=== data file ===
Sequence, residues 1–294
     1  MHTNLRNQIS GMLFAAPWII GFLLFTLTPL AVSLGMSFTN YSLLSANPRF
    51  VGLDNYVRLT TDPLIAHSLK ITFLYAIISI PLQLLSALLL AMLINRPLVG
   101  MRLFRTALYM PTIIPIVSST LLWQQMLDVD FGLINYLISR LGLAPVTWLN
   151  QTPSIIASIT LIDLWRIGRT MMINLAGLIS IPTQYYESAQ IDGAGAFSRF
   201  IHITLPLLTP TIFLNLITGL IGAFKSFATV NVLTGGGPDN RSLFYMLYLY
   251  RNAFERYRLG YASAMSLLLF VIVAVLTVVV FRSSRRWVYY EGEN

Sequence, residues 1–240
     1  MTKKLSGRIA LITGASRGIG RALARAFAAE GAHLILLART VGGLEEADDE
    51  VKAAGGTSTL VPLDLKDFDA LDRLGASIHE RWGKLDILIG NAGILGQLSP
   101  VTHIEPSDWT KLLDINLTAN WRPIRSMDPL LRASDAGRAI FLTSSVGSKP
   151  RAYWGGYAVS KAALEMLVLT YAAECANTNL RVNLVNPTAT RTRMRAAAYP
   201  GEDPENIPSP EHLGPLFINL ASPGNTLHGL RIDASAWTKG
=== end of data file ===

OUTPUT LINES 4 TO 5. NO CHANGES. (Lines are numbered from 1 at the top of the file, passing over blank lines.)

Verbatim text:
   101  MRLFRTALYM PTIIPIVSST LLWQQMLDVD FGLINYLISR LGLAPVTWLN
   151  QTPSIIASIT LIDLWRIGRT MMINLAGLIS IPTQYYESAQ IDGAGAFSRF